For this pool shape, the size is the biggest cost-determining factor. L-shaped pools are usually larger than rectangular pools, adding to the labor costs and raising the price of your new vinyl in-ground system.
One of the drawbacks of vinyl in-ground pools is that they require more maintenance than fiberglass and gunite pools. Homeowners should consider the long-term costs associated with this pool type, one of them being the liner replacement.
A vinyl pool’s liner needs to be replaced every 7 to 10 years, costing homeowners between $3,000 and $4,200 on average.
The installation site will impact how much the professional pool builders will charge for an in-ground vinyl-liner pool. Land excavation is probably the highest additional cost that comes with the pool’s installation, an expensive process that you should not forget to include in your budget.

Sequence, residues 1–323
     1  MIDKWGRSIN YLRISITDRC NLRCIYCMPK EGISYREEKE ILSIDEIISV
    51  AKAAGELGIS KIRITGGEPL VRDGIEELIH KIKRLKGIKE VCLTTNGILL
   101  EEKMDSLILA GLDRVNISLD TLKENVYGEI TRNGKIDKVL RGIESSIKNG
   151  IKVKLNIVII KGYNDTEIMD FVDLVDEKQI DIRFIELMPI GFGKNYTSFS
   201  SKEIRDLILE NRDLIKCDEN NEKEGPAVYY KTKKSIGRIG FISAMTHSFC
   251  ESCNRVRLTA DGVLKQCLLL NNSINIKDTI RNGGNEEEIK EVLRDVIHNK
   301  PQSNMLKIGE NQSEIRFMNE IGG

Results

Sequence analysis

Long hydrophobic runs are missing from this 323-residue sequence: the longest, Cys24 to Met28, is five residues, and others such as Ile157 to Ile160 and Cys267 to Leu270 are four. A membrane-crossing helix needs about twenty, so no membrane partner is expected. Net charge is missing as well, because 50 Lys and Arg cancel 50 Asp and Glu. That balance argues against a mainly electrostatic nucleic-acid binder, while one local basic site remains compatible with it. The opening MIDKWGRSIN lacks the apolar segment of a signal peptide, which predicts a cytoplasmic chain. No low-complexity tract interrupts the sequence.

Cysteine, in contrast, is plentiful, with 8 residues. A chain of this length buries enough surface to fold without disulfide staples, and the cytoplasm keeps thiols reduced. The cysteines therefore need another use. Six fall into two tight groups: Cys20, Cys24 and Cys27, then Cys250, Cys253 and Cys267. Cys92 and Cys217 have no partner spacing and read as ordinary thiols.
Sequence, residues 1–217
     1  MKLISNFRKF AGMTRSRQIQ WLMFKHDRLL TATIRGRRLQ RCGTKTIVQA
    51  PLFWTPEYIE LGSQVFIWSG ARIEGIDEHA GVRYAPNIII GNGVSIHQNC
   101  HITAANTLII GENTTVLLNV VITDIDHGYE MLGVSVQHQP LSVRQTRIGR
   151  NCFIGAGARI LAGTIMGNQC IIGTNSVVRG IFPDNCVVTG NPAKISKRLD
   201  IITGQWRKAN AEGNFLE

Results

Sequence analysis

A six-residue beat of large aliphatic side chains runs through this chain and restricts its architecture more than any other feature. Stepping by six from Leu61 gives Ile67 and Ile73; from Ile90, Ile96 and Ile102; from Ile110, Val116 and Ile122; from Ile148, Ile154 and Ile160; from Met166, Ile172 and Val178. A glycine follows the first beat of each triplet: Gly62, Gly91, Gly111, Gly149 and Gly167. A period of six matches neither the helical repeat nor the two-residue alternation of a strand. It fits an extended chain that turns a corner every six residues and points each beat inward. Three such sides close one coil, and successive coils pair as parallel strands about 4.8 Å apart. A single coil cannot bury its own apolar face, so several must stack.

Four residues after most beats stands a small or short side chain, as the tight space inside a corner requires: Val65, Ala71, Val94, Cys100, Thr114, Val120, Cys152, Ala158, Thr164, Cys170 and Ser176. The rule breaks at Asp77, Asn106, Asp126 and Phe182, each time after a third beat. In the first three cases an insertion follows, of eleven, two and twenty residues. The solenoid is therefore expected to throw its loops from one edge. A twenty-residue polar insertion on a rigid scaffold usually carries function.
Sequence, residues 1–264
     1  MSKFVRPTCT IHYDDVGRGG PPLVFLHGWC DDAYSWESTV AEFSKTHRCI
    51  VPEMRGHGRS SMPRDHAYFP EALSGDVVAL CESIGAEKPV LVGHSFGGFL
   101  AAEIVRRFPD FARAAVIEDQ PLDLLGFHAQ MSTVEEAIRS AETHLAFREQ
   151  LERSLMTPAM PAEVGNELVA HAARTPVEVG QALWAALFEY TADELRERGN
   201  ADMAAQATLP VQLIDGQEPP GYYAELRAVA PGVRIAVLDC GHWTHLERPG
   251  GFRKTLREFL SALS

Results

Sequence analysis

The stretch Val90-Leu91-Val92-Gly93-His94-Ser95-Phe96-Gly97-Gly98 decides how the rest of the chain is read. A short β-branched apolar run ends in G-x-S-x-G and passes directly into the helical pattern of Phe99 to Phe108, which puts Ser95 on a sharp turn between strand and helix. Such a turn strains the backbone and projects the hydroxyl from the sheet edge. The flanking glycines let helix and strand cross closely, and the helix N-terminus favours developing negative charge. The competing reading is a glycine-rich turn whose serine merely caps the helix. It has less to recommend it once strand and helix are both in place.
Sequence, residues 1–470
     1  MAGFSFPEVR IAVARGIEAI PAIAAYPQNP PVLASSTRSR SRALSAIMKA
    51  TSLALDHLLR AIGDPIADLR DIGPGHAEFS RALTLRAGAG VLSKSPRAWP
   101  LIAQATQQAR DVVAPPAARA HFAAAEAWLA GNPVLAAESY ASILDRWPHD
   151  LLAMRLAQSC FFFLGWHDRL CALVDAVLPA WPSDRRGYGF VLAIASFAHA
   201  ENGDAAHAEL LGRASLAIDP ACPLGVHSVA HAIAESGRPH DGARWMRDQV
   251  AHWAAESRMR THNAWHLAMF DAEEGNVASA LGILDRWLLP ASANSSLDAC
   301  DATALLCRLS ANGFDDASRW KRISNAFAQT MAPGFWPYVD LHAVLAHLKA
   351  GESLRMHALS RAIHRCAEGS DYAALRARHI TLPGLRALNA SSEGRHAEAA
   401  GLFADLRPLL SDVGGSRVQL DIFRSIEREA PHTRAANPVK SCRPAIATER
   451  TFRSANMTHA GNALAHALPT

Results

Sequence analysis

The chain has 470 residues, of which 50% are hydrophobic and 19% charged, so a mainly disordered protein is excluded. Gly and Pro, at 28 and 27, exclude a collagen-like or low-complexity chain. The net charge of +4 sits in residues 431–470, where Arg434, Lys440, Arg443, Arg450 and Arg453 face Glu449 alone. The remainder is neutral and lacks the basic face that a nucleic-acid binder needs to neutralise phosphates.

Examples of how the pool site can affect the total installation cost include:
- Rocky soil that could damage pool builders’ equipment. Such occurrences will lead to additional charges
- Hard-to-reach pool installation site
- Removing trees, with prices ranging from $385 to $1,070 per tree.
- Sloping and grading if the site is located on a hill, leading to higher costs
A permit for pool installation typically costs between $475 and $1,900. Homeowners are generally responsible for determining the requirements for a permit before starting a pool project. The amount spent depends on which city, county, or state you live in.
Increased Property Taxes
In-ground pools are a permanent installation on your property, much different from above-ground pools. Given that most in-ground pool systems increase your home’s resale value, this could lead to an increase in property taxes.
Swimming pools are generally regarded as a safe, entertaining addition to your backyard. Unfortunately though, in-ground pools also increase the risk of guests or family members getting hurt. This added risk on your property will raise your insurance costs.